Versatility and cost are obvious factors in the EOAT decision process, but molders who develop in-house solutions must consider additional potential problems. Custom tooling may add additional mass to the arm, creating higher inertial forces which at best slow the robot, and which in the worst case can degrade accuracy and accelerate drive wear. Another factor relates to the operating envelope of the robot. Some tooling will require extra reach, especially where multiple grippers are added and where air or vacuum lines may interfere with platens or tie bars. The extra reach must also include sprue or part clearance since in many cases the part or sprue is considerably larger than the gripper. Similarly, robots operating at the limits of stroke or reach require special attention when retrofitting modified EOAT.

GOING DOWN THE LINE

Getting the part out of the mold is the first step, but many downstream operations require moving parts over considerable distances. Conveyors remain an option for low-cost continuous delivery, with or without dedicated robotics. SAS Automation, (Xenia, OH), a manufacturer of end-of-arm-tooling and materials handling auxiliaries has developed a line of conveyors dedicated to plastics processing (142). The flexible belt conveyors height adjust with a single crank and feature adjustable hinges for incline and nose-over applications.

Conveyor systems receive little attention compared to more glamorous forms of process automation, but the short lead times and frequent mold changes common to most custom molders often necessitate frequent changes to the conveyor set-up. Robotics store different set-ups in memory, but at the press, conveyors are most often reset manually. Hydraulics and jack-adjustable systems speed this process. Since overall machine downtime only ends with the first delivered part, cost savings through undersized conveyors can degrade overall cell efficiency regardless of the press or robotics.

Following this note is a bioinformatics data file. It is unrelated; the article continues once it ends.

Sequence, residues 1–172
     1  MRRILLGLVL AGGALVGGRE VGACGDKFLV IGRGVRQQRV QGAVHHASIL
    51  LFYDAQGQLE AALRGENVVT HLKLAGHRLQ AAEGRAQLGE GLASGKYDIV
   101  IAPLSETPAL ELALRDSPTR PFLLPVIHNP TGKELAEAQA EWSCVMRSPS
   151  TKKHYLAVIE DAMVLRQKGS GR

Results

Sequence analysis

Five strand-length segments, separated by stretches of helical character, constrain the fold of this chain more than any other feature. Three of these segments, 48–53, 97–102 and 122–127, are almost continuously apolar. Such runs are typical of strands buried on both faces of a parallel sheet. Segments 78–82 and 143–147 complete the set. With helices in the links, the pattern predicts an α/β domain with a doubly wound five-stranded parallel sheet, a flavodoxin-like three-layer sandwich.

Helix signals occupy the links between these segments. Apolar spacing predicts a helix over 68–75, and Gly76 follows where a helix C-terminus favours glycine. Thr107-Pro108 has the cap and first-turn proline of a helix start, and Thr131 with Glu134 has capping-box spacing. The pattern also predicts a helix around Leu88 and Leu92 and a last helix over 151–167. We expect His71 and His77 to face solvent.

Sterling Systems’ Finished Parts Transfer Systems (143, in Canada, New Tech Machinery, Burlington, Ont.) are a novel method for moving moldings downstream. Parts are either blown or “vacuumed” through tubing from a pick-up point to an “air brake” where parts are slowed down for delivery without damage. Positive-pressure systems deliver parts at up to 300 feet, while negative-pressure installations may span up to 1000 feet, both with a single blower. Tubing features a soft wall design to avoid part damage, and is available in diameters up to twelve inches. The system’s air brake adds another component to the system, according to Sterling Systems marketing manager Darrell Childress: “It also serves as a dust collection system. You’re dealing with a vacuum, so we modified the air brake to actually pull dust out of the system.” If a manufacturing cell is only as strong as its weakest link, parts handling systems must be as strong as any other component.

CONCLUSION

Plastics automation is mature and reliable enough to enhance productivity in most processing operations, but like any other piece of high-value capital equipment, a positive return on investment means matching the right equipment to the task. CPL